The boulderer factor
Unfortunately, even the best crash pad only works as well as we use it. It’s no use, for example, if you lay your pad at the start because it’s so nice to sit on there, but then after two metres you turn through a roof and, at the crux, realise that it might have been better to place it here, underneath where you are now. So, either you examine the boulder carefully beforehand, position your mat at the problematic spot and hope that it will turn out like you think it will, or you have enough crash pads at hand that you can cover all the potential dangerous and not-so-dangerous areas.
A third option would be for your friends to constantly position the crash pad underneath you while you boulder. This is a very good option. For this though, you need not only attentive friends but also a bouldering mat that can be repositioned quickly. Crash pads are characterised as being easy to handle when they are fitted with loops, preferably on all sides.
Highball or parkours?
Apropos of how easy they are to handle: Before buying a crash pad, you should think about what you want to use it for. As is so often the case, the bigger the mat, the heavier and more unwieldly it is. This rule is true of bouldering mats, too. At the same time, a large mat naturally covers a bigger surface. If you want to get straight into the ultimate challenge of scaling an eight-metre boulder, a pad designed for high falls like the Mondo from Black Diamond makes total sense. But if you want e.g. to quickly run through a parkour course in the forest of Fontainebleau where it can get really narrow, a small, lightweight crash pad is a definite advantages. For this, the Bergfreunde edition crash pad Paddy Cava V2 from Ocun is a possibility. This is why it’s rumoured that there’s a trend towards the “second crash pad“.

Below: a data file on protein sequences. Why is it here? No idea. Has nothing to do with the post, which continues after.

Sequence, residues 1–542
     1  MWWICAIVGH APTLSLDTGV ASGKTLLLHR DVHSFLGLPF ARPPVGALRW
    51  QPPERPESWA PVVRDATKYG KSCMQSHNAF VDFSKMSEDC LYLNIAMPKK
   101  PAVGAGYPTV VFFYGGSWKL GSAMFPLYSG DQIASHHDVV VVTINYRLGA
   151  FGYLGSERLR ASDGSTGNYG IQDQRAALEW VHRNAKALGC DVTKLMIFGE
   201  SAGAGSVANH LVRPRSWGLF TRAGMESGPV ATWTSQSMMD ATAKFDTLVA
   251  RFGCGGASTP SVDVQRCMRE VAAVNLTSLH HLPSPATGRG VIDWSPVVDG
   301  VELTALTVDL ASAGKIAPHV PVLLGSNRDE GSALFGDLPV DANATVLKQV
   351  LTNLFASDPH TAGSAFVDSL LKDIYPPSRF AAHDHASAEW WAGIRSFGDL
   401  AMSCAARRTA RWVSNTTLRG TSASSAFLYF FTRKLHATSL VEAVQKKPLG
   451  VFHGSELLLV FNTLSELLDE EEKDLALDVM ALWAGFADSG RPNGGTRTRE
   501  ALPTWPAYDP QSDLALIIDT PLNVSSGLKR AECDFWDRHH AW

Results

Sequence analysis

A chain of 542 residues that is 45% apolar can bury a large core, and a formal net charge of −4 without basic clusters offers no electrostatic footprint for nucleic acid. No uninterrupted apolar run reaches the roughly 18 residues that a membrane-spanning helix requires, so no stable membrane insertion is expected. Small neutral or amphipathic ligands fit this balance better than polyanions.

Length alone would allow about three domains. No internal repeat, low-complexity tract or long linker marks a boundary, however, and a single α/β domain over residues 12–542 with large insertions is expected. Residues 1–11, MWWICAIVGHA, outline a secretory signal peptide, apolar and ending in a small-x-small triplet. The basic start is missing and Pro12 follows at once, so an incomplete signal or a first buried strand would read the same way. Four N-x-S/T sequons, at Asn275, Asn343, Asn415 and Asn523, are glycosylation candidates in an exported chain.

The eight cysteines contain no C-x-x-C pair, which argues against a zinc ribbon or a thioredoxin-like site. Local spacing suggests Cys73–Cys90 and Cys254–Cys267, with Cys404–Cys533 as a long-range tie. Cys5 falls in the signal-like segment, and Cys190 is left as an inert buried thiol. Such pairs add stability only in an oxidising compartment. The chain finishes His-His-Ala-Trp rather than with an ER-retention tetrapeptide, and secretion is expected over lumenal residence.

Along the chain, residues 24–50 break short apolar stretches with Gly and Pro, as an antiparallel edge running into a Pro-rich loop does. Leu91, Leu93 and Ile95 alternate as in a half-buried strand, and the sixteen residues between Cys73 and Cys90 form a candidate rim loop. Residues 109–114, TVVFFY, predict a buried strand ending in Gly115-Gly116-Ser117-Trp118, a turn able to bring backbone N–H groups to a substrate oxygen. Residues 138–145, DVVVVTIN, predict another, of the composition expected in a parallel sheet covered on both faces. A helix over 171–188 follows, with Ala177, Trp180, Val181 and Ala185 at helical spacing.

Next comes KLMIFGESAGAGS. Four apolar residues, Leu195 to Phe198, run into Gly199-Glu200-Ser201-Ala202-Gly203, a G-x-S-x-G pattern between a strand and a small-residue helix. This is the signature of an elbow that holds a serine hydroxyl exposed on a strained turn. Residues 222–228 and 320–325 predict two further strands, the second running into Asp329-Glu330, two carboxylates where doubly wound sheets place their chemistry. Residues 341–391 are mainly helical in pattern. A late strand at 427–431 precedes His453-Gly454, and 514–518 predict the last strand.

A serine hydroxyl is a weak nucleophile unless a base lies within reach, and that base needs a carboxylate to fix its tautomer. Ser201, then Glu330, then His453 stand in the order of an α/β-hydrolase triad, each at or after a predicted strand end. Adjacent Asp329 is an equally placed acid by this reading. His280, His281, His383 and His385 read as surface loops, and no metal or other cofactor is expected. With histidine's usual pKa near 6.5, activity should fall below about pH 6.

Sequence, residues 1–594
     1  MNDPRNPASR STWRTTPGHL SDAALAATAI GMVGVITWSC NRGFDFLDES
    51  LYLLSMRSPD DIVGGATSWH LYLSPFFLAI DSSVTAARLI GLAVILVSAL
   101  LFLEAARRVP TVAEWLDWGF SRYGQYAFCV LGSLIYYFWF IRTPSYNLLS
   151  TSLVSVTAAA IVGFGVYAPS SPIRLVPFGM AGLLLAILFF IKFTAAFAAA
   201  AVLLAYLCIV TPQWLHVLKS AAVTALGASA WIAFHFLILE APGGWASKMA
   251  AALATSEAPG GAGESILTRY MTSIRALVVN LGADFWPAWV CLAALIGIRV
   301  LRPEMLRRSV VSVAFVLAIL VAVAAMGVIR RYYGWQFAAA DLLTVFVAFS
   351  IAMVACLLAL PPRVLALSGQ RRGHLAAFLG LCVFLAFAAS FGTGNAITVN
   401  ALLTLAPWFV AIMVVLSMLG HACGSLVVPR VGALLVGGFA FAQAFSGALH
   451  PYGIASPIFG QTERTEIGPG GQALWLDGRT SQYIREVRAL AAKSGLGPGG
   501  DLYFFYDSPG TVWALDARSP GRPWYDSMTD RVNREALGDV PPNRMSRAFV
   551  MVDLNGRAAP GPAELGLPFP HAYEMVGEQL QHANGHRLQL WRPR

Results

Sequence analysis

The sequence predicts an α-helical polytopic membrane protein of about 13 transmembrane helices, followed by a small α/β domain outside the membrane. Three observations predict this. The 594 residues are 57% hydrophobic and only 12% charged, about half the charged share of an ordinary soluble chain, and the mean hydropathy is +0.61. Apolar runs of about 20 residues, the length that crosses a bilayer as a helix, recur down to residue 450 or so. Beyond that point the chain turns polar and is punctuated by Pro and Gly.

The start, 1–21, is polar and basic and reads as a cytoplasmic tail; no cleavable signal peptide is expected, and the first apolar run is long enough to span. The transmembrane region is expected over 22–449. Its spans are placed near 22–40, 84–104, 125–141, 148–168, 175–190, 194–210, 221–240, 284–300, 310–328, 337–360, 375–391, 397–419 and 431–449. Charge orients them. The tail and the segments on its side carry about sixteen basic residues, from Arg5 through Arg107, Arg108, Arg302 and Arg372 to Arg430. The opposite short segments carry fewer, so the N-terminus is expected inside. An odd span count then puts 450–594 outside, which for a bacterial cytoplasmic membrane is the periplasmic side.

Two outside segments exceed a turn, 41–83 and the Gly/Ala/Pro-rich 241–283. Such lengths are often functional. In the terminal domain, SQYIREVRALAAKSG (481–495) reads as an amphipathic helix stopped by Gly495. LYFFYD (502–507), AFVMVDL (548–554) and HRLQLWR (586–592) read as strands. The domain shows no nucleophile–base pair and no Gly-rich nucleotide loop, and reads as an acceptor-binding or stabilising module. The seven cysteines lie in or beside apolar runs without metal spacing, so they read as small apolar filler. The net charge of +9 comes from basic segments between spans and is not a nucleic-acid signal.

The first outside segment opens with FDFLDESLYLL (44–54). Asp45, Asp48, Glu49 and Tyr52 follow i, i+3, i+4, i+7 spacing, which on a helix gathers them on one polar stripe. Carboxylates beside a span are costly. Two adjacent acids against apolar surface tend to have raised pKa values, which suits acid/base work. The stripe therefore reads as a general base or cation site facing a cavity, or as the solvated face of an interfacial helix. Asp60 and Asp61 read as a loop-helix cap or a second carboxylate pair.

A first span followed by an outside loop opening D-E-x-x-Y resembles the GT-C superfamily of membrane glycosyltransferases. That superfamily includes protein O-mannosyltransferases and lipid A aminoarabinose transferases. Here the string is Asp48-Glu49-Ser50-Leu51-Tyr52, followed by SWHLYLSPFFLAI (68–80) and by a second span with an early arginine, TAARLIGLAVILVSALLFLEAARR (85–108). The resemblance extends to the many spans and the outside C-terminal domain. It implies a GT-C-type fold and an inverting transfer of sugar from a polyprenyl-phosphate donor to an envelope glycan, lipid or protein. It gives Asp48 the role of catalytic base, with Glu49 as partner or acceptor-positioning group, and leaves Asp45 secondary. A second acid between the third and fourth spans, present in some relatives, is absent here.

The carry system
To make the bouldering mat as comfortable to transport as possible, a carry system is attached to the mat in a more or less sophisticated way depending on the company. Good systems are characterised by the fact that they can be removed or covered while you’re bouldering, and the easier the better. The shoulder straps should be adjustable like with a backpack, and, for heavy mats, they should be padded. A hip belt provides extra stability when you’re carrying it.
Nice, useful extras
For traverses or larger projects, bouldering mats with multiple parts that can be joined together lengthwise or crosswise are a sensible option.
And equally useful part of a good crash pad is a felt boot mat so that you can embark on your project in the best possible condition.
So, before buying your new favourite crash pad, you have a few options to find the features that work best for you. But it’s hard to tell from looking at a screen whether a crash pad offers optimum safety and cushioning. Trying out a bouldering mat in a discount shop of your choice doesn’t give you more than a few insights, either. Real life experience is indispensable, so it’s recommended that you ask your friends or talk to our customer service team.